At some point in the last few years, I went from standing in heels at a crowded bar to sitting in sweats on a quiet couch. The thought of getting ready for a night out took a sharp turn from fun to only-when-necessary and my social plans dropped in frequency.
Ruts (and wrinkles, apparently) can widen with age and the status quo starts to look pretty darn attractive. Responsibility can do that to a person.
(Don’t worry, this isn’t all doom and gloom.)
After these shifts set in, I realized something: Intention is the biggest difference between getting what I want and sticking to what I know. Growth is easy in earlier life stages. High school and college, for instance, offer several years jam-packed with new experiences and plenty of growth.
After these life stages you can either a. sit back and fall into routine, or b. decide to intentionally set big goals and reach for something higher.
I decided to choose B. (especially in regards to my finances).
Being averse to spending has made me relatively good with my finances by default. After all, with more money in reserves, checking certain boxes and reaching milestones becomes easier. But reaching financial goals as an adult is much bigger than avoiding consumer debt and padding a savings account. It requires intentional planning and decision making.
Shifting from comfortable renter to empowered homebuyer requires a mountain of paperwork and some serious planning. But as a newly minted homebuyer, I can say the process is well worth it.
How to Create a Budget for Before You Buy a Home
Budgeting for the Down Payment
In order to have the necessary amount in the timeline you want, you’ll need one thing: clarity.
The home I ended up purchasing is a two-bedroom, one bath townhouse. It’s not large, but it covers our needs right now: somewhere to sleep and an office to work in. However, going this route instead of a single family home with more space meant getting clear about when we might start that next phase in life: starting a family. In other words, the type of home was a direct reflection of the type of life we were currently committed to living.
When we decided this was our pre-family, 3-5 year type of home, it was easier to figure out how much we would need for a down payment and what our timeline would be.
Before you take a deep dive into the numbers, think about these questions:
What type of home will fit your lifestyle at the time of purchase?
Do you plan on changing locations before buying a home?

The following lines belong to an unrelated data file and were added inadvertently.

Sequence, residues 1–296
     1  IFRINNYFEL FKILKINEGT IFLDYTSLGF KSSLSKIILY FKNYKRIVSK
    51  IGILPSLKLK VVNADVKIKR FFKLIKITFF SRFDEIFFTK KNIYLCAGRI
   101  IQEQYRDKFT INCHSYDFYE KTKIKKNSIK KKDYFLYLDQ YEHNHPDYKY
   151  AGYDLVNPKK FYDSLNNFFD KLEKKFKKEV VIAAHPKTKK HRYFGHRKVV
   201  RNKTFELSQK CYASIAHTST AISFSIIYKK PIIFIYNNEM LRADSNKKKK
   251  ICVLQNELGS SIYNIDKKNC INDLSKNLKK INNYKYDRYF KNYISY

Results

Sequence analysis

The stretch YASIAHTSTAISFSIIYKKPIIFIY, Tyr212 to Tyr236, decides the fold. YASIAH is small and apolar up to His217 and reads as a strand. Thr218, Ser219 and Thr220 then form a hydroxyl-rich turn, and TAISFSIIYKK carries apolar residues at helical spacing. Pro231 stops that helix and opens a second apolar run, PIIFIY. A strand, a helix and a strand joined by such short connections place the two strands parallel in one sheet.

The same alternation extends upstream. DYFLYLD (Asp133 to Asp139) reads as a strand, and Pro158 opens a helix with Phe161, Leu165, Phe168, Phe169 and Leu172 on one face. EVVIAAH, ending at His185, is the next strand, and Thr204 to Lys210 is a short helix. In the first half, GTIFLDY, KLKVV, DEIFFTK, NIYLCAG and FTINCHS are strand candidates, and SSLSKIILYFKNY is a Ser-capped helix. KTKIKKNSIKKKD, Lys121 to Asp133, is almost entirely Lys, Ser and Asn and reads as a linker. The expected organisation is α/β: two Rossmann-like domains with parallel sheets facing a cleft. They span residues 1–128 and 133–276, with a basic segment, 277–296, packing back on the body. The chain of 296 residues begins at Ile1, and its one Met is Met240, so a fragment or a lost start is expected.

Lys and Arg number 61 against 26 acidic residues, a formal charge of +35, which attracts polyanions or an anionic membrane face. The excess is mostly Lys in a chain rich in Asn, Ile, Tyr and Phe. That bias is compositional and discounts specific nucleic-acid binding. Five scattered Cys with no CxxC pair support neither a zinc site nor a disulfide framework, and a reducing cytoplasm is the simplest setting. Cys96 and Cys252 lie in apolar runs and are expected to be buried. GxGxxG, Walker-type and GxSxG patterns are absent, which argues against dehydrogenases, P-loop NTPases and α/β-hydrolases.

What is your timeline?
Once you’ve gained some clarity on the where and when you can move on to these number-based questions.
What size down payment will you need?
Barring any major life changes or job moves, you probably have an idea of the price range you would be considering. Add to this an estimated amount for closing costs. While you may land a deal where the seller pays things like closing costs on your behalf, you should plan on paying these yourself.
What type of loan might you qualify for?
Not all loans require a 20% down payment. In fact, it made more financial sense for us to do the minimum 3.5% required down payment for our loan, considering the amount of time we plan to be there.
Where are you starting from?
Saving for a home starts after other financial bases are covered, such as like creating a debt payoff plan and establishing an emergency fund. Figure out where you are and what might need to be addressed first.
How much breathing room do you have in your budget? What can be adjusted if necessary?
With your timeline and down payment estimate, you know how much you’ll need to save each month to get there. Does your budget already allow for it? Or will you need to find ways to cut back (either on your spending now, or the size and cost of the home in the future)?
Now that you know your savings number, consider doing the following:
Create a savings account for your down payment only.
This will ensure that your down payment doesn’t get mixed in with other savings goals. We opted for an online savings account that was separate from our other accounts, removing easy access and temptation to withdraw money from that account.
Make savings automatic with scheduled transfers.
Don’t let your willpower be your only driving force. Make it automatic and stick to it.
Find ways to throw in extra money (i.e. bonuses, tax refunds, etc.).
Don’t think of this as a sacrifice. Think of it as taking a giant leap forward and shortening your timeline.